Everything from antibiotics to antihistamines is showing up in our water supply, effecting local ecosystems.
Pharmaceutical drugs and personal care products are showing up in rivers and streams throughout the United States and the rest of the world. What effects are they having on the environment?
Rosi: We are concerned as scientists because these compounds are biologically active. We take them to cure diseases or to have biological effects in ourselves and the fact that they're in rivers and streams might effect the aquatic organisms that live there as well.
Emma Rosi is a senior scientist at the Cary Institute of Ecosystem Studies. She and her team have constructed artificial streams to study the effects of the drugs in our waters on local ecosystems.
Rosi: Scientists have been detecting a wide range of pharmaceuticals in the environment. Everything from antibiotics to antihistamines to antidepressants, like Prozac, to illicit drugs like cocaine, morphine, amphetamines. A whole range of compounds. Anything that we use in our everyday lives that goes down the drain has the potential to end up in the environment.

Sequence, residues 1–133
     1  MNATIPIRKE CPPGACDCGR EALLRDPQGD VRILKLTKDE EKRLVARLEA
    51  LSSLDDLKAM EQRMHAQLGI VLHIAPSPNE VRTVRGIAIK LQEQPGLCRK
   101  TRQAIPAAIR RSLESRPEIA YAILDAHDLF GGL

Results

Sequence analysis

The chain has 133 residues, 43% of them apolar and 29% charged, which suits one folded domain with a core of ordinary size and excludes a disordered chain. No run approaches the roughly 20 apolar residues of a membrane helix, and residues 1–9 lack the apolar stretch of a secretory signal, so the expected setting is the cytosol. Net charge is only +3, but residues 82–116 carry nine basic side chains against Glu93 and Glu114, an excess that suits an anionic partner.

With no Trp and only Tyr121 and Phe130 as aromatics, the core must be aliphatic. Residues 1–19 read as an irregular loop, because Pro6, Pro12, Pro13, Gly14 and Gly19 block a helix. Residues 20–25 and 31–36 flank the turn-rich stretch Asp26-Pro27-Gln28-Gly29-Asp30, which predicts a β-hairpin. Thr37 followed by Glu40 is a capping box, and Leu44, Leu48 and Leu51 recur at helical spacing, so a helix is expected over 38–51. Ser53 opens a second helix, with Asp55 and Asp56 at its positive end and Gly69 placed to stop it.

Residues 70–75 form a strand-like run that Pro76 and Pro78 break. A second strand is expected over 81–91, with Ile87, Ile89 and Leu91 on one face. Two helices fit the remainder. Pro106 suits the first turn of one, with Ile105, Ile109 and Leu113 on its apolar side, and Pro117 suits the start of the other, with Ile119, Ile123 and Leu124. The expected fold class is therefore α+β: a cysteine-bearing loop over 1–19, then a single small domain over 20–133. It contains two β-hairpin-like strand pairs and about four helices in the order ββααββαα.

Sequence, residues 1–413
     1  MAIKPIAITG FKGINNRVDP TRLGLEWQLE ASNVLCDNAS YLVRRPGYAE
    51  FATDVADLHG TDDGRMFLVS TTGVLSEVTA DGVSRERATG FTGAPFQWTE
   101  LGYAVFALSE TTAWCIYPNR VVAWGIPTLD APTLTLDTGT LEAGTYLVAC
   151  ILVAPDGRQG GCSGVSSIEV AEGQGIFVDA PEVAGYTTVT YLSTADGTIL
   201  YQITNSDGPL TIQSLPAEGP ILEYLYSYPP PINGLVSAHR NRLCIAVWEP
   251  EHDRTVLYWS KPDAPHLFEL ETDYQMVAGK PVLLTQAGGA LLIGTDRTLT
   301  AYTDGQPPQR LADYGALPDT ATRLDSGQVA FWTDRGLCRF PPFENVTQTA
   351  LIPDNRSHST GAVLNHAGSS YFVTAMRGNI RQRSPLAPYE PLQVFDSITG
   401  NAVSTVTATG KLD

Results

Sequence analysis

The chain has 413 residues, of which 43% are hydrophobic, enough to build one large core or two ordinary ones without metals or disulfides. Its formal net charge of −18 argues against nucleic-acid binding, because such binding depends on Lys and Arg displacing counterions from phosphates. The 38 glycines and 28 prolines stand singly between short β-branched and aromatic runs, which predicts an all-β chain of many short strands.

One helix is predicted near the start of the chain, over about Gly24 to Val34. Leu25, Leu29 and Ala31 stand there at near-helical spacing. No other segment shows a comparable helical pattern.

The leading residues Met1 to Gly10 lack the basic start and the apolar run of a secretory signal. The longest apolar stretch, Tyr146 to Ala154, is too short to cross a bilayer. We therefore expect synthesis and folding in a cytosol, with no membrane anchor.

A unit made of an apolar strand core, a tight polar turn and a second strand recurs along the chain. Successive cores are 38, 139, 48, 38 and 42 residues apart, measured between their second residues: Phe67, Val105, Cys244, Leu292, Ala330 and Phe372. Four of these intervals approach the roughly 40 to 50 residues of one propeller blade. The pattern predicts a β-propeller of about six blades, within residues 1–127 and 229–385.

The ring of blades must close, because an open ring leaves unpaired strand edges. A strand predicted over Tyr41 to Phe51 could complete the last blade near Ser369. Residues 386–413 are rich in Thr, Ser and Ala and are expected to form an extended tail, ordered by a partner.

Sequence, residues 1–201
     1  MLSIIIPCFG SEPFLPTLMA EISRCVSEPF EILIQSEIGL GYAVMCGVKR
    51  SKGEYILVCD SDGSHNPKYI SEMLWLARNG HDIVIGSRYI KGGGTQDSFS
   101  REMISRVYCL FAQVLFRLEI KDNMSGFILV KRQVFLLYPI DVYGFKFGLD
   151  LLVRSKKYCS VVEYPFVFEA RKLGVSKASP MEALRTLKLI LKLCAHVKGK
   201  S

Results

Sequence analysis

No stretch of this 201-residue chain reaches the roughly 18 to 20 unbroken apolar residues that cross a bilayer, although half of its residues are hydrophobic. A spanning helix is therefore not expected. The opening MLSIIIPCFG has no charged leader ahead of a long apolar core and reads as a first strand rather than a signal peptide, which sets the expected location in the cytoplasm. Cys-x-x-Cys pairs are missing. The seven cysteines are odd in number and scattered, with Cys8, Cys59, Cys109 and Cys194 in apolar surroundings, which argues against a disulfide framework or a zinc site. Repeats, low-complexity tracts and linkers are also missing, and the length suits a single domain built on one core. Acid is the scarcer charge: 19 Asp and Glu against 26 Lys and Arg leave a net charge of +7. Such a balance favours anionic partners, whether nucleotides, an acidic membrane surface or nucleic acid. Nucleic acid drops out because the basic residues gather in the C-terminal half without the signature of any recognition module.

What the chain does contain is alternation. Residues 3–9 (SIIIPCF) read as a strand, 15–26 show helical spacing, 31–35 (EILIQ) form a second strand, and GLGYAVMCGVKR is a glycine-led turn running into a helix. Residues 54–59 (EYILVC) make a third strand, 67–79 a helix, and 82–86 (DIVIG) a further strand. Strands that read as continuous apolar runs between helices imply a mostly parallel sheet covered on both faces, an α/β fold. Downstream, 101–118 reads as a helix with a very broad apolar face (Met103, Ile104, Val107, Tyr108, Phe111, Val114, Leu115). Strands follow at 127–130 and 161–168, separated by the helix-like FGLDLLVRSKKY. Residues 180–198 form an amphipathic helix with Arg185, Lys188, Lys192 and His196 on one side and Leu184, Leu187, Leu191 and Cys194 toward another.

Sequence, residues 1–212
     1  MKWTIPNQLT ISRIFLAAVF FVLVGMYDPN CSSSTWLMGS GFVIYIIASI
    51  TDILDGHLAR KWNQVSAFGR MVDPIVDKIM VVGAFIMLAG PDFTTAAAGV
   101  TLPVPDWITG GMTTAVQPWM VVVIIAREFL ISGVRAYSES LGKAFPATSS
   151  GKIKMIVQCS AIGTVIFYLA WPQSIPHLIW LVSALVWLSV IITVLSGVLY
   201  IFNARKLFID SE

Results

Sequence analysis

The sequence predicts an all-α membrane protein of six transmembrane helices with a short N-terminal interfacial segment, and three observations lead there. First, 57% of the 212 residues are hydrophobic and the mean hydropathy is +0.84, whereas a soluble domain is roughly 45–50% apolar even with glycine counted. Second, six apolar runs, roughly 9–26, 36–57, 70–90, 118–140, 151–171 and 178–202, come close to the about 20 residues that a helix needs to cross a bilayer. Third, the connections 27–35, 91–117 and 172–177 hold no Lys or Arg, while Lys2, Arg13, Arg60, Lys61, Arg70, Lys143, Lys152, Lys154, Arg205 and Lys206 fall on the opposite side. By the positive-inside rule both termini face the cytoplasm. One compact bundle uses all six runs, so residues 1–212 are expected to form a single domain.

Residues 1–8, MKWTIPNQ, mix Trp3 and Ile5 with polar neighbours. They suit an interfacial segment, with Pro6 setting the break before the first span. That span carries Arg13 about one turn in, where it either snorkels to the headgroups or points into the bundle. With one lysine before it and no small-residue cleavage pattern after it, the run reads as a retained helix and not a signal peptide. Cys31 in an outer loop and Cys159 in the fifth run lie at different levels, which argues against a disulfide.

Rosi: Unfortunately, wastewater treatment plants are not designed to pharmaceuticals. The other thing is, that we don't treat all of our waste in the US and around the world. So a lot of the wastes that are generated from humans end up in surface waters untreated.
We've been adding low concentrations of these pharmaceuticals to our artificial streams and our recent research shows that compounds like amphetamines can have effects on aquatic insects. In terms of their emergence, they actually emerge faster out of the streams. It can effect the algae in the streams, where they photosynthesize less. And it effects the bacterial community. So it changes which bacteria are are there. And this is in concentrations that we measure in the environment.
Photo: eutrophication&hypoxia via Flickr